The baldacchino is surmounted not with an architectural pediment, like most baldacchini, but with curved Baroque brackets supporting a draped canopy, like the brocade canopies carried in processions above precious iconic images. In this case, the draped canopy is of bronze, and all the details, including the olive leaves, bees, and the portrait heads of Urban’s niece in childbirth and her newborn son, are picked out in gold leaf. The baldacchino stands as a vast free-standing sculptural object, central to and framed by the largest space within the building. It is so large that the visual effect is to create a link between the enormous dome which appears to float above it, and the congregation at floor level of the basilica. It is penetrated visually from every direction, and is visually linked to the Cathedra Petri in the apse behind it and to the four piers containing large statues that are at each diagonal.

 

Structural Member

The main structural member I am focused on is the column, they has a large scale and the dimensions are noted in the sketch

The size of the column is huge compared to the size of a person

 

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Saint Peter’s Square

Architect: Gian Lorenzo Bernini

Location: Vatican City

Date: 1656-1667

Building Type: Piazza

Architecture Styles: Baroque Neoclassical

Architectural Time Period: 1600s

Construction Type: Bearing Masonry

Context: Urban

Introduction(Information mainly based on Internet and Readings):

Saint Peter’s Square  is located directly in front of St. Peter’s Basilica in the Vatican City, the papal enclave within Rome (the Piazza borders to the East the rione of Borgo).

The open space which lies before the basilica was redesigned by Gian Lorenzo Bernini from 1656 to 1667, under the direction of Pope Alexander VII, as an appropriate forecourt, designed “so that the greatest number of people could see the Pope give his blessing, either from the middle of the façade of the church or from a window in the Vatican Palace” (Norwich 1975 p 175). Bernini had been working on the interior of St. Peter’s for decades; now he gave order to the space with his renowned colonnades, using the Tuscan form of Doric, the simplest order in the classical vocabulary, not to compete with the palace-like façade by Carlo Maderno, but he employed it on an unprecedented colossal scale to suit the space and evoke emotions awe.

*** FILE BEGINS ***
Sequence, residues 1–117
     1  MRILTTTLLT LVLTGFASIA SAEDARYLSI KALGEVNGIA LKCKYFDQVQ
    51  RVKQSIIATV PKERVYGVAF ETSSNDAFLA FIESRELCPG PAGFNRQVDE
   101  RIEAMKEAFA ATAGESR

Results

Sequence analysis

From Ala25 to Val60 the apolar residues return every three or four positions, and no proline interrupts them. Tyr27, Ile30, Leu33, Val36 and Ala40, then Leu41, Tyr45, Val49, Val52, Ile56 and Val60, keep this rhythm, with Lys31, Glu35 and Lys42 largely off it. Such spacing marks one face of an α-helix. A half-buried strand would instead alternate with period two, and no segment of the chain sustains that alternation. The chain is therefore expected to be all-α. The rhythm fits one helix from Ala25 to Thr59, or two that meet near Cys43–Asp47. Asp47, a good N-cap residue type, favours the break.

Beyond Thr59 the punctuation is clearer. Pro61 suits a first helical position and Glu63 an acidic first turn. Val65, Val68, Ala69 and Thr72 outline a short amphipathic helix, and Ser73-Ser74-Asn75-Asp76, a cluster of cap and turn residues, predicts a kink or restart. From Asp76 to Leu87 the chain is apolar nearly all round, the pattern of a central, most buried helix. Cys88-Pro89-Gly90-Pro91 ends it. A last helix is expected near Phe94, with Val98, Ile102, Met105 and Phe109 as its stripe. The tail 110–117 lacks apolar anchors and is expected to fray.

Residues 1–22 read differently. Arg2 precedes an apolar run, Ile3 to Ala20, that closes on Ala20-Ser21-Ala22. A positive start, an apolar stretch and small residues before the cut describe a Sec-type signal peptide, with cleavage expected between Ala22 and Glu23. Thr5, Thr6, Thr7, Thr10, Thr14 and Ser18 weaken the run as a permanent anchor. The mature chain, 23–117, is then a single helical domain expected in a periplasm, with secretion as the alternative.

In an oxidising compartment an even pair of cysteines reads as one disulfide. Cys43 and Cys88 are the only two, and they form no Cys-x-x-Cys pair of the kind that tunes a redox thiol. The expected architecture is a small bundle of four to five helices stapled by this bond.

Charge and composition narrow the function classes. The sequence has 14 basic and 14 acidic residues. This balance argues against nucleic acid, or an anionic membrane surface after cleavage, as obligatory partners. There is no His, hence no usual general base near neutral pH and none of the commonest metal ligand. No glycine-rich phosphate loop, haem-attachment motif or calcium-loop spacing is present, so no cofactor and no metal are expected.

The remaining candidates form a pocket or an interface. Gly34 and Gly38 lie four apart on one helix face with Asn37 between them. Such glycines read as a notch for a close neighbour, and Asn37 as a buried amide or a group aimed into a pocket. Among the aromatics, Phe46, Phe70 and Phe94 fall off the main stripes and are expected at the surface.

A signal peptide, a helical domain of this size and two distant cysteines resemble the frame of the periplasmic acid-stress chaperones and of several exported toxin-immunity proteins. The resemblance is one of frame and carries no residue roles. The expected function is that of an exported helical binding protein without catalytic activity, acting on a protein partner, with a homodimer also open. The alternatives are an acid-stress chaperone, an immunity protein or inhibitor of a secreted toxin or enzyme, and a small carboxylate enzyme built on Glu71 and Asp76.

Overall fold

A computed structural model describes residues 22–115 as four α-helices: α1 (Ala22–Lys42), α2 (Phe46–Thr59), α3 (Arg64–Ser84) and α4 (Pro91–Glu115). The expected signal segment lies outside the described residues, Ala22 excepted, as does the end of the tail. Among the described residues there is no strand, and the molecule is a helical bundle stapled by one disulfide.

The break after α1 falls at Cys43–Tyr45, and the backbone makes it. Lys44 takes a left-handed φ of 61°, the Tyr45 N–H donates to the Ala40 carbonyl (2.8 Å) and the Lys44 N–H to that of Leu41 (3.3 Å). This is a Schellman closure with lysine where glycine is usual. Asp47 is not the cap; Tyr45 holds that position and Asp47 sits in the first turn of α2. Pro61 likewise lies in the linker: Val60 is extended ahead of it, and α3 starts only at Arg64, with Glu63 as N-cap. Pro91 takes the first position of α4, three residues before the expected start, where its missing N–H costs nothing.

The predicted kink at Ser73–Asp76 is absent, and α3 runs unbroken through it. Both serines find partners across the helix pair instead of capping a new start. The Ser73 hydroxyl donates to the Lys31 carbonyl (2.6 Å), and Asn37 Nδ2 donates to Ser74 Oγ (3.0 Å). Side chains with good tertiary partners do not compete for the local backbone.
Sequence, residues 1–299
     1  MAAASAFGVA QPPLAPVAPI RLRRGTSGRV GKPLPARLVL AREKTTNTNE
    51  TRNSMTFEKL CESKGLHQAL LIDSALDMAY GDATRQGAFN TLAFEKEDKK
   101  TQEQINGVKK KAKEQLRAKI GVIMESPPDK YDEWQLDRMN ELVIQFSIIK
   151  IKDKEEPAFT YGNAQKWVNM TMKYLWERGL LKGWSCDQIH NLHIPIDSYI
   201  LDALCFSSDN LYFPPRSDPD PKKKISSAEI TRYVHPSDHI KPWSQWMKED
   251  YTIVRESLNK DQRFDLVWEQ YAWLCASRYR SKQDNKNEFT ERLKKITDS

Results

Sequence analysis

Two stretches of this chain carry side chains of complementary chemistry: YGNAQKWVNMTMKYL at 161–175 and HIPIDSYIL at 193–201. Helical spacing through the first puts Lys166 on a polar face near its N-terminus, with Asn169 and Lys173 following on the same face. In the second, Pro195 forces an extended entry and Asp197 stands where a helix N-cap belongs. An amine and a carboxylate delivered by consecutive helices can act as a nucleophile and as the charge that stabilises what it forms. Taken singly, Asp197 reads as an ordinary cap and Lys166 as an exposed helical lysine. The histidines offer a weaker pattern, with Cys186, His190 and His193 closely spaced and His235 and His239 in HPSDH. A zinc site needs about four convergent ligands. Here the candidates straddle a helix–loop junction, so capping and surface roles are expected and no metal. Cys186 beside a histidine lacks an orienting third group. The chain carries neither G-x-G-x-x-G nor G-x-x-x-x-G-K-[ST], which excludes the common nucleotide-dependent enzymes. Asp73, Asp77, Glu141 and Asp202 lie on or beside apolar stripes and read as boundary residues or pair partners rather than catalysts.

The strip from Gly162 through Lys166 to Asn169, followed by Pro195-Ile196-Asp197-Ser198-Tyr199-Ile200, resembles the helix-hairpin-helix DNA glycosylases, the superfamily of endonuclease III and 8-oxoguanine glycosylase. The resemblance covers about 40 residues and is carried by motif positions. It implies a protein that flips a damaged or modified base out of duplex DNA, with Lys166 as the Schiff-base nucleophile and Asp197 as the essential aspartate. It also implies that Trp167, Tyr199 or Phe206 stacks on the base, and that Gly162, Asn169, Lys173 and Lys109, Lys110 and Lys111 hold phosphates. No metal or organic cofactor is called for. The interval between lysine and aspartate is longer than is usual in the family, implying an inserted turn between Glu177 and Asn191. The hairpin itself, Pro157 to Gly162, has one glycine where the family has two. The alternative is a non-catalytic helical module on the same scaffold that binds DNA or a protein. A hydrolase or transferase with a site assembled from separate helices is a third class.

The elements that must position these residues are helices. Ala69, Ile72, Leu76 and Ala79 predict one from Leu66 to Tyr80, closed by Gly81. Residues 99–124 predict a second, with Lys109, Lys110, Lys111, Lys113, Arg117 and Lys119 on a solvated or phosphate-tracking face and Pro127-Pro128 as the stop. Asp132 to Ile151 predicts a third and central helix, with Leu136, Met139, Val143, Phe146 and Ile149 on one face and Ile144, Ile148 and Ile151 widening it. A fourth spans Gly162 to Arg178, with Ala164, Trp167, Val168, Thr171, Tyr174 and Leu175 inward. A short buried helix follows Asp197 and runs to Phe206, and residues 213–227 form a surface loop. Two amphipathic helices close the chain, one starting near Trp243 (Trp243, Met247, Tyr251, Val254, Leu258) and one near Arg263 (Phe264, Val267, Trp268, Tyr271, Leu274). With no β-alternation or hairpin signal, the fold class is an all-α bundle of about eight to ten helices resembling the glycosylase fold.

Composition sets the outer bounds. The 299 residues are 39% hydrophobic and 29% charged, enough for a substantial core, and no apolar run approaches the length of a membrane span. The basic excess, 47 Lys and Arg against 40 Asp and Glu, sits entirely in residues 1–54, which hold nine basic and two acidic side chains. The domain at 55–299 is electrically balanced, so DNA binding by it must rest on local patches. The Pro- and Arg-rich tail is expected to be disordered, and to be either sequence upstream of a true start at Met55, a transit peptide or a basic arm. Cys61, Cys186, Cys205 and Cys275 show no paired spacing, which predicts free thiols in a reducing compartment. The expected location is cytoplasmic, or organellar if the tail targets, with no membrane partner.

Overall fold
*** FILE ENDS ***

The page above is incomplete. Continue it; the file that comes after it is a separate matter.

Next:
The site’s possibilities were under many constraints from existing structures (illustration, right). The massed accretions of the Vatican Palace crowded the space to the right of the basilica’s façade; the structures needed to be masked without obscuring the papal apartments. The obelisk marked a center, and a granite fountain by Carlo Maderno stood to one side: Bernini made the fountain appear to be one of the foci of the ovato tondo embraced by his colonnades and eventually matched it on the other side, in 1675, just five years before his death. The trapezoidal shape of the piazza, which creates a heightened perspective for a visitor leaving the basilica and has been praised as a masterstroke of Baroque theater, is largely a product of site constraints.

My own exploration:

Keywords: Colonnades,Geometry&Floor Pattern

Colonnades

The colossal Tuscan colonnades, four columns deep,frame the trapezoidal entrance to the basilica and the massive elliptical area which precedes it. The ovato tondo’s long axis, parallel to the basilica’s façade, creates a pause in the sequence of forward movements that is characteristic of a Baroque monumental approach. The colonnades define the piazza. The elliptical center of the piazza, which contrasts with the trapezoidal entrance, encloses the visitor with “the maternal arms of Mother Church” in Bernini’s expression. On the south side, the colonnades define and formalize the space, with the Barberini Gardens still rising to a skyline of umbrella pines. On the north side, the colonnade masks an assortment of Vatican structures; the upper stories of the Vatican Palace rise above.

Geometry&Floor Pattern

The geometry of the square is ellipsis, which has a center occupied by an obelisk, it has symmetrical and self-centered spatial quality, what’s smart about the design is that the paving is varied by radiating lines in travertine, to relieve what might otherwise be a sea of cobblestones. Circular stones were set to mark the tip of the obelisk’s shadow at noon as the sun entered each of the signs of the zodiac, making the obelisk a gigantic sundial’s gnomon.

The plan diagram with the floor patterning

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Villa d’Este

Architect: Collective

Location: Tivoli, Italy.

Date: 1550-1572

Building Type: Villa